Conservative Party puts Trost campaign 'on notice' over leaked membership list

The leadership campaign of Saskatchewan MP Brad Trost says it has been "put on notice" by the Conservative party for being the source of the leaked membership list, CBC News has learned. Trost's campaign manager says he'd like to see proof of the allegation.

Campaign wants to see proof as party weighs disciplinary action over leak to National Firearms Association

Brad Trost finished fourth in the Conservative leadership contest. (Liam Richards/The Canadian Press)

Brad Trost's campaign says it is has been put "on notice" by the Conservative Party for illicitly leaking a party membership list to a gun owners' rights group, CBC News has learned.

However Trost's campaign manager said he can find no proof the leak came from the Saskatchewan MP's camp.

"What we have is an allegation. We've seen no evidence," said campaign manager Joseph Ben-Ami.

When the party handed out copies of the membership list to the leadership campaigns, it engaged in a process called "salting," meaning each campaign received a slightly different copy to allow the party to trace potential leaks.

Ben-Ami said the party reached out to the Trost campaign last Saturday to say it believed it was their version of the list that was given to the National Firearms Association, an Edmonton-based organization that advocates for gun owner and property rights.

Since then, Ben-Ami said all six members of the Trost campaign who had access to the data have been interviewed and the campaign's data logs and security arrangements have been checked. Those checks turned up nothing, he said.

"It would be wrong to say we pushed back [against the party]. We simply wrote back to the party and said there's no indication that any list originated with us. So we've asked them to provide us with whatever information or evidence in their possession to indicate that the list was in fact our list," he said.

Ben-Ami noted that Trost, who ran a campaign based on social conservative values and came in fourth, did not personally have access to the list. However, he said others beyond the Trost campaign did have access to the very same copy.

"The party people themselves had access to the data."

Cease and desist

Last week, the party announced on Facebook that it had received complaints an outside organization was reaching out to its members. On Monday, the party's lawyer sent a cease and desist letter to the National Firearms Association.

The party is demanding the NFA return any hard copies of the membership list and delete any electronic copies. It also wants the party and the Conservative Fund to have access to the NFA's electronic database to be sure all the membership information has been permanently deleted.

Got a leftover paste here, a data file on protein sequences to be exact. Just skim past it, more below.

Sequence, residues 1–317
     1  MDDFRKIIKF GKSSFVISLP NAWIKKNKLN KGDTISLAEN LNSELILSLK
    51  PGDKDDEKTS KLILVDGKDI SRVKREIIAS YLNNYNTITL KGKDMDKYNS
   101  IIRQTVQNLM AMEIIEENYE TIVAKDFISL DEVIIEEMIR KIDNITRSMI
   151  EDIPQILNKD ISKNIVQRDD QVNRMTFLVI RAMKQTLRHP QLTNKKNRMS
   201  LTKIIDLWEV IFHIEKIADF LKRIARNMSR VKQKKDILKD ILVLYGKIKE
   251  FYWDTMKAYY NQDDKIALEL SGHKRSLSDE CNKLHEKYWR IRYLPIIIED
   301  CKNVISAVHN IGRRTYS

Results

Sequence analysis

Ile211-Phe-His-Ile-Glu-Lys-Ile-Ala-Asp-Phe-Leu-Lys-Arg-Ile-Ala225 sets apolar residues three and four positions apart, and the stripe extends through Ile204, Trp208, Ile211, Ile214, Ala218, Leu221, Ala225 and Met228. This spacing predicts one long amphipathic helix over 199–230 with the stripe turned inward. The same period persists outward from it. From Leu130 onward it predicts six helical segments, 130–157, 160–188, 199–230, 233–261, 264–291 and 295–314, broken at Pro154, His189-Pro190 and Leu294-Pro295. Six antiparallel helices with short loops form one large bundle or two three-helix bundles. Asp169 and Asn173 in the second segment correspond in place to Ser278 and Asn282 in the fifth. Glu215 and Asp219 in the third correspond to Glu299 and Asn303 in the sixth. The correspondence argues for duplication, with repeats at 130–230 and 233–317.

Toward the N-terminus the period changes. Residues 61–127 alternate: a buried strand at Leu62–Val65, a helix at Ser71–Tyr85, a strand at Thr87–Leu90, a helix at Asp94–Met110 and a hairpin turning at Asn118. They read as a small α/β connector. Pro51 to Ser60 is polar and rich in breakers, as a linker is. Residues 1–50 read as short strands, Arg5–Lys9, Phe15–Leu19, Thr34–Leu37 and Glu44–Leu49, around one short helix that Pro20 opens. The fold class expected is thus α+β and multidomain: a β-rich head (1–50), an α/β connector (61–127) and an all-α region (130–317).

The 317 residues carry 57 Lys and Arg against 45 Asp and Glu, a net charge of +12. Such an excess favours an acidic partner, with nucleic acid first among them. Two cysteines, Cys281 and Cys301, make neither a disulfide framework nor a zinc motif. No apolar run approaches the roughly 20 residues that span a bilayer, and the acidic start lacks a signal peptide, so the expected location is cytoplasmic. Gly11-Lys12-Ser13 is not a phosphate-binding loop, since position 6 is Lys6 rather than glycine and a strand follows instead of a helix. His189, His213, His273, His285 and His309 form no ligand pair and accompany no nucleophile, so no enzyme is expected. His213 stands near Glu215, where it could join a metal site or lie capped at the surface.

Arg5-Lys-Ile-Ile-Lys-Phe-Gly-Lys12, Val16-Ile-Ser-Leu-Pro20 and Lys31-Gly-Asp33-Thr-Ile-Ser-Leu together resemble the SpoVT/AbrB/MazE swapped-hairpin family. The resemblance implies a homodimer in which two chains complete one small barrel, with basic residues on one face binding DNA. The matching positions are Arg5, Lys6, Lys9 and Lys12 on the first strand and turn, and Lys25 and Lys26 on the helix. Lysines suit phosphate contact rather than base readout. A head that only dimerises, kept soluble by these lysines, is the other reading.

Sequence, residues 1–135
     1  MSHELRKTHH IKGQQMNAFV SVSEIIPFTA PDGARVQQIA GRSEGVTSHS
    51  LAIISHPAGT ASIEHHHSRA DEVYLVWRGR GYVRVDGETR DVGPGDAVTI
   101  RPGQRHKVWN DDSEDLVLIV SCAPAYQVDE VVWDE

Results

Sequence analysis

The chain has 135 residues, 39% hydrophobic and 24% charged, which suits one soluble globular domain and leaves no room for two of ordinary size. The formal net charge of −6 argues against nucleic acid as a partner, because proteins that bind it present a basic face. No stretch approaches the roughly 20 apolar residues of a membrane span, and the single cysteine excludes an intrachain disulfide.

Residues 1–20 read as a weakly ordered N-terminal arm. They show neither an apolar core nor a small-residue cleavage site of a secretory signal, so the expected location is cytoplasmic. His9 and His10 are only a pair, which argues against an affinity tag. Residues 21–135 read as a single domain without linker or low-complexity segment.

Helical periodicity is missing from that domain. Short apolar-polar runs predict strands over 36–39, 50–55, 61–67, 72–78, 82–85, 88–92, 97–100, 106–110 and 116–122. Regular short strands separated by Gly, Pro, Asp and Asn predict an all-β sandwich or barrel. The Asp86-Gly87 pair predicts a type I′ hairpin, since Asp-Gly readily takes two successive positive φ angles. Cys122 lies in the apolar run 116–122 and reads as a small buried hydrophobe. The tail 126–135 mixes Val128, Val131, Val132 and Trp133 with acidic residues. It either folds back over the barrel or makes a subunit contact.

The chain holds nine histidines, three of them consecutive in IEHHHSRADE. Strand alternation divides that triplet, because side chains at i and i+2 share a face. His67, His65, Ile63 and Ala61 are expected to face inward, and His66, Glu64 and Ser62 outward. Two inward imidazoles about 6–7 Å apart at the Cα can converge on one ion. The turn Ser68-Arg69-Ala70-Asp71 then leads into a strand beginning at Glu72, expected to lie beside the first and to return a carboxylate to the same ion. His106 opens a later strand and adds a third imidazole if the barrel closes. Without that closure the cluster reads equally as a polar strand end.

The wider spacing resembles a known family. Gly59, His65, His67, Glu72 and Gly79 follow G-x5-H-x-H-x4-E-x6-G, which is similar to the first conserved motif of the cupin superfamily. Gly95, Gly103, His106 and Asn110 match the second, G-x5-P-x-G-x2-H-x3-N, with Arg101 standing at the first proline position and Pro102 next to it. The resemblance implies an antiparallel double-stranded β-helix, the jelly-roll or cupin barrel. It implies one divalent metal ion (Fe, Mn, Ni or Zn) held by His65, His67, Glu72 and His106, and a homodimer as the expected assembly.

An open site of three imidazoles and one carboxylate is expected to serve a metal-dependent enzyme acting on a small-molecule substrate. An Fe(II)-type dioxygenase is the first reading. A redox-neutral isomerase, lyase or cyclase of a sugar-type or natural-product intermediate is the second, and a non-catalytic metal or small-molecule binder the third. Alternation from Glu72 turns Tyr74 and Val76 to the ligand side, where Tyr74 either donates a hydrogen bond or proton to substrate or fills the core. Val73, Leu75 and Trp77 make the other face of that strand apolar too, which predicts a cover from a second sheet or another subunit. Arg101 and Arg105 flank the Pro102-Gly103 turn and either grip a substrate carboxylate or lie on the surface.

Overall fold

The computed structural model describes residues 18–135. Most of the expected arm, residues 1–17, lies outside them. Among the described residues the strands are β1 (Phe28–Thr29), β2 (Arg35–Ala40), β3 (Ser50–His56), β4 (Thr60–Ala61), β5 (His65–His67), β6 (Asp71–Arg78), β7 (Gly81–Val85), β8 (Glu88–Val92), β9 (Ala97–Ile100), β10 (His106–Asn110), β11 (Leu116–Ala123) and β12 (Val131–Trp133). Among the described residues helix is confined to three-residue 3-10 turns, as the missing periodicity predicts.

​​"Having a third party have access to our party membership​ list is just something that's not acceptable," Dan Nowlan, chair of the party's leadership election organizing committee, told CBC News earlier this week.

The NFA has not responded to a request for comment from CBC News.

In its assessment of each candidate's firearms' policies, the NFA gave Trost a "B."  Only three candidates got a higher grade. However, Ben-Ami said his campaign had no connection with the group.

"We have no relationship with the National Firearms Association. Period. Full stop," said Ben-Ami.

Sorting out consequences

The Conservative party's chief returning officer was charged with looking into allegations surrounding the NFA's acquisition of the list.

Once that investigation is finished, the party must decide on any disciplinary measures. A spokesman from the Conservative Party of Canada said no decision has yet been made on how to deal with the situation. 

One option would be to a fine. Each candidate had to give the party a $50,000 compliance deposit by Jan. 1, which was refundable if the candidate followed the rules.

The sums still haven't been returned and could be docked if campaigns were found to have engaged in bad behaviour during the race.

Ben-Ami said he's still waiting for the party to provide him with more information. He said it would be "very disappointing" if the party moved ahead without providing that information.

"I don't think that's proper due process."


Catherine Cullen

Senior reporter

Catherine Cullen covers Parliament Hill for CBC News in Ottawa. She writes frequently about the Conservative Party. She has also worked in Toronto, Vancouver, and Montreal.